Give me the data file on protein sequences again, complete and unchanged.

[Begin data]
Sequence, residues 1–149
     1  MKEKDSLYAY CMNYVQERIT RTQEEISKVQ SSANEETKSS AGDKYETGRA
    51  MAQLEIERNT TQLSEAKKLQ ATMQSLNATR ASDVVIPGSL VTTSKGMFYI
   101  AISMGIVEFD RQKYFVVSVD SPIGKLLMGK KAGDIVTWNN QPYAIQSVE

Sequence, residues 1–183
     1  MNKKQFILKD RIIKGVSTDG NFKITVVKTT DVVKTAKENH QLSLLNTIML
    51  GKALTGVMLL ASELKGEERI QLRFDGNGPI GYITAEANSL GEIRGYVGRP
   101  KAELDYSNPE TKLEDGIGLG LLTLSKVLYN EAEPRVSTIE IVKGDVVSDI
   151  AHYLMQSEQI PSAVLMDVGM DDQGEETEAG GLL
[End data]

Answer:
Sequence, residues 1–149
     1  MKEKDSLYAY CMNYVQERIT RTQEEISKVQ SSANEETKSS AGDKYETGRA
    51  MAQLEIERNT TQLSEAKKLQ ATMQSLNATR ASDVVIPGSL VTTSKGMFYI
   101  AISMGIVEFD RQKYFVVSVD SPIGKLLMGK KAGDIVTWNN QPYAIQSVE

Sequence, residues 1–183
     1  MNKKQFILKD RIIKGVSTDG NFKITVVKTT DVVKTAKENH QLSLLNTIML
    51  GKALTGVMLL ASELKGEERI QLRFDGNGPI GYITAEANSL GEIRGYVGRP
   101  KAELDYSNPE TKLEDGIGLG LLTLSKVLYN EAEPRVSTIE IVKGDVVSDI
   151  AHYLMQSEQI PSAVLMDVGM DDQGEETEAG GLL